Many of us have at least one of these conditions (including yoga teachers!). All of these cautions can be addressed by professional and experienced yoga teachers such as those at Yoga Road so that you can safely practise yoga despite the niggles.  However for your safety please advise your yoga teacher if any of the following conditions relate to you or any condition you think may be affected by yoga practice. This information is kept strictly confidential.

  • Allergies
  • Aneurism, history of stroke
  • Anxiety
  • Arthritis or joint soreness
  • Asthma
  • Chronic or acute pain
  • Cramps
  • Depression
  • Diabetes
  • Digestive issues eg diverticulitis
  • Dizziness, or balance/unsteadiness issues
  • Endometriosis
  • Epilepsy
  • Glaucoma, or any other eye condition
  • Headaches or migraines
  • Heart disease or condition
  • Hiatus hernia
  • High or low blood pressure…medicated?
  • Hyper-mobile (“double-jointed”)joints
  • Inflammatory conditions
  • Menopausal and perimenopausal symptoms
  • Muscular problems
  • Neck, back, knee or any joint problems
  • Osteoporosis
  • Pelvic Floor Weakness
  • Pregnancy
  • Sciatica
  • Spinal injury/condition
  • Thyroid condition
  • Ulcer
  • Varicose veins


If you haven’t attended a yoga class before, you will find that the following guidelines tend to apply to all good yoga classes.

  • Many yoga positions and a full stomach aren’t happy partners. Eat your meal 2 hours prior to class, or snack on a small piece of fruit, nuts or cheese before class.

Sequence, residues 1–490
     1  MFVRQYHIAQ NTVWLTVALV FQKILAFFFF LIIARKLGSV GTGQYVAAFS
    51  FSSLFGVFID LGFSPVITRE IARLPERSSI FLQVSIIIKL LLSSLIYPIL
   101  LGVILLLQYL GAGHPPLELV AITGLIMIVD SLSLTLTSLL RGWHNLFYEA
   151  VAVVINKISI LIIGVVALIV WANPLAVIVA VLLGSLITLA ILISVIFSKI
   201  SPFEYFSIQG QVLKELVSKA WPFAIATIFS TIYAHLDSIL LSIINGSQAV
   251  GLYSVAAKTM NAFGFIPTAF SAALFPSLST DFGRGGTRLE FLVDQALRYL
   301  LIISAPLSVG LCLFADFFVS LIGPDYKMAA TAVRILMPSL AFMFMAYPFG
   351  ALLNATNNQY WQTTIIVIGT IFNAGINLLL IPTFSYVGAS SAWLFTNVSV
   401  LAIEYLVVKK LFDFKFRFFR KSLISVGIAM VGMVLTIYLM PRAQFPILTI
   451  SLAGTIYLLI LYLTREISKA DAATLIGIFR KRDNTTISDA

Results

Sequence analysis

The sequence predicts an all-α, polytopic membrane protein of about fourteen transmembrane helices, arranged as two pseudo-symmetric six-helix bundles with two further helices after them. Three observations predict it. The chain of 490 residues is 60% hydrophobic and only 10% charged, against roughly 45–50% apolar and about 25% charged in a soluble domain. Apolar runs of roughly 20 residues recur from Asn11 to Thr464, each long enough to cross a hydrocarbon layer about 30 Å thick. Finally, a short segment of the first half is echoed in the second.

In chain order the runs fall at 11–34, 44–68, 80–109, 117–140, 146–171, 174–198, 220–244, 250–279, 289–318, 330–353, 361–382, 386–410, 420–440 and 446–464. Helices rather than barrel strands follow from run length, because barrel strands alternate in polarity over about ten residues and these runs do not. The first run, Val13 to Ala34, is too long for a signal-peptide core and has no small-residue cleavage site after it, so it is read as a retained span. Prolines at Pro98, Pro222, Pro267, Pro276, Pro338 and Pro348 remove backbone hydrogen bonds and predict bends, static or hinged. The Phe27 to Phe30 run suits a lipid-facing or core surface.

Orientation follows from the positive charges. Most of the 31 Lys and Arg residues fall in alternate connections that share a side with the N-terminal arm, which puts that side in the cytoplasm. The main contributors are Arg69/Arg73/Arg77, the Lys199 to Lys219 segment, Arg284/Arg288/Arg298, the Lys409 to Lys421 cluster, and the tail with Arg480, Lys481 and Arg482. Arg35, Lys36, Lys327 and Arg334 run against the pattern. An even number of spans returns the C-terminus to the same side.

• Shoes are left outside the room where the practice occurs. Yoga is performed barefoot, or in socks with grip. Attention to personal hygiene, especially foot cleanliness, displays welcome respect for others in the class.
  • Please don’t wear perfume, perfumed lotions or essential oils to class as this can affect classmates with allergies.
  • Please arrive at least 5 mins early, so class can begin on time. The class always begins with a quiet “settling” time, so late students should wait to set up once the active part of the class commences.
  • Mobile phones are switched to flight mode, not just to “silent”. If there are special circumstances where it needs to be on, please inform the teacher and position yourself near the exit.
  • Personal items such as handbags, keys, and sunglasses are left together on the table near the entrance, not near your mat or where practice occurs.
  • Many yoga teachers and students consider it disrespectful and disruptive for students to habitually “skip” the final relaxation at the end of class. Please plan to have time for your full class. If it is imperative to leave early, notify the teacher and chose a position near the door. That final relaxation is an integral part of your practice, so always take at least a minute in semi-supine before leaving.
  • Avoid inversions if you have a headache, toothache, unmedicated high blood pressure, glaucoma or during menstruation– let your teacher know and ask about alternatives.
  • It is very important to keep your teacher informed about changes in health or recent injuries BEFORE the class begins. Let the teacher know if you are on painkillers (e.g. Paracetamol) before class as this will mask feelings of stretch, which could possibly lead to injury. If you are physically unwell, or have a potentially contagious illness, do not come to class. The best yoga for you is rest!
  • If you experience pain, STOP and let the teacher know. If you wish to experience a pose more deeply, or something doesn’t feel right, let the teacher know. Modifications and adjustments are our specialty.
  • Yoga is a spiritual practice which stretches the body, calms the mind and soothes the spirit. Competition with others or even with oneself dulls many of the benefits of yoga – relax and enjoy your practice!

Please feel free to call or email Sue if you have any questions or concerns relating to yoga or classes.